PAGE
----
The Ghost of Christmas Yet to Come
The UK in particular was a bit of a shock.
As a long-term resident of Japan who likes to travel abroad and might end up moving somewhere else at some point (but not in the immediate future), I am very interested in exchange rates and what they do to my purchasing power.
A strong yen makes it cheaper to travel or move abroad. A weak yen makes it more expensive to travel or move abroad.
The question then becomes: what do I do about this? It depends on whether you think the yen will be stronger or weaker compared to your target currencies in the future. Personally, I don't know what the yen will do, or how it will perform against the pound, the euro, or the baht (my main currencies of interest).
However, I can do the following mental exercise. I did a variation of this immediately after the earthquake and nuclear accident in Tohoku and was pleased with how it helped me reach a decision.
Basically there are two factors and two decisions:
The yen either gets stronger or it gets weaker. I can then keep my savings in yen or in another currency.
We can then examine the results of each factor and decision:
- The yen gets stronger and I keep my savings in yen: win. My strong yen goes further in the future.
- The yen gets stronger and I keep my savings in another currency: lose. My comparatively weaker currency does not go as far as my yen would have gone.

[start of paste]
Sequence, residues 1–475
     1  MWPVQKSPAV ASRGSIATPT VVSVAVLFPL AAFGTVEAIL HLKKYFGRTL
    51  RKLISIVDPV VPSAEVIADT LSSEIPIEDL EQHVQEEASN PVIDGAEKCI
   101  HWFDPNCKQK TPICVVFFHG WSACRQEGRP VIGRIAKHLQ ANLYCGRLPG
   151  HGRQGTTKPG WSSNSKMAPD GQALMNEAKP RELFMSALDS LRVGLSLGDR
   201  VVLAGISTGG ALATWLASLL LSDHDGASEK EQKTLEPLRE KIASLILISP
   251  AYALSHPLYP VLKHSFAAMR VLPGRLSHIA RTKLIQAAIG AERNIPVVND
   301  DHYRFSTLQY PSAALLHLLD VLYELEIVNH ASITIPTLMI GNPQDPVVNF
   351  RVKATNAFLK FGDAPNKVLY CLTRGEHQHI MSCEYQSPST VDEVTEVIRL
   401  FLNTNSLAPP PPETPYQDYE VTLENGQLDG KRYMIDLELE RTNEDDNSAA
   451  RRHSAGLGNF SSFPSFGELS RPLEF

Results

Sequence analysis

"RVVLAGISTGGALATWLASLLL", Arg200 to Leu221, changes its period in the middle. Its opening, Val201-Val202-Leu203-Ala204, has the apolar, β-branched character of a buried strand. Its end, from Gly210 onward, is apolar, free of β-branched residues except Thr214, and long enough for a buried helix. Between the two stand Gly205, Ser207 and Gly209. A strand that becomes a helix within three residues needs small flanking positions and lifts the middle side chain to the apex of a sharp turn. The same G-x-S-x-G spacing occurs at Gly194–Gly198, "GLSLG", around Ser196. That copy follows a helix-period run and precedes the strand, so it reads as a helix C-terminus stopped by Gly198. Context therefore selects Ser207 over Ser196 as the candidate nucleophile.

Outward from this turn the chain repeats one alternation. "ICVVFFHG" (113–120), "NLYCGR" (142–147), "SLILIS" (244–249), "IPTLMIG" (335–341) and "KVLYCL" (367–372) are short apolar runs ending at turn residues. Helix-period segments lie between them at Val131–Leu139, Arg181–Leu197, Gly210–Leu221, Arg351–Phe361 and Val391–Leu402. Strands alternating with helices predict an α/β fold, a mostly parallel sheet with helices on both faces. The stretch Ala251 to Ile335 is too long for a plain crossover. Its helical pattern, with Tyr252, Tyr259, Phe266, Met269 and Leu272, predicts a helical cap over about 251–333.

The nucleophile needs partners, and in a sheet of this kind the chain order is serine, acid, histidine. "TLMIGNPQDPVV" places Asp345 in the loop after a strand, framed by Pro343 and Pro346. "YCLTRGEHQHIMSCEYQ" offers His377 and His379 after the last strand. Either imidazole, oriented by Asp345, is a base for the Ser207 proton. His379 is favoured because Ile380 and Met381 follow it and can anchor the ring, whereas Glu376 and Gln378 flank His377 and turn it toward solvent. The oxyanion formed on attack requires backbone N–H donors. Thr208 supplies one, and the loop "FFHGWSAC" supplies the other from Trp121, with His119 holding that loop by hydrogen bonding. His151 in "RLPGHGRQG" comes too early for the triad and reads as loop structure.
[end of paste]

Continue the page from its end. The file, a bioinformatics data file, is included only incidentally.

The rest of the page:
- The yen gets weaker and I keep my savings in yen: lose. My weaker yen does not go as far in the future.
- The yen gets weaker and I keep my savings in another currency: win. My stronger currency goes further, in Japan or abroad.
This seems to be a 50:50, ie either option has the potential to be a good choice.
However, there is another thing to consider. I work in Japan, so my earning potential is in yen. This provides insurance against the strong yen scenario. Even if I make the wrong bet with my savings, I'll be fine because I am getting more yen each month.
On the other hand, in a weak yen situation, my earning in yen would not help. For this reason, and also because I am not confident that the yen will strengthen over the medium- to long-term, I choose to keep most of my savings and investments in other currencies (mainly US dollars and UK pounds).
I can do this easily using Shinsei Bank's multi-currency online account and Rakuten Securities' US share-dealing service.
How about you, what do you think about currencies and exchange rates? Is it a part of your financial planning? Please leave a comment below.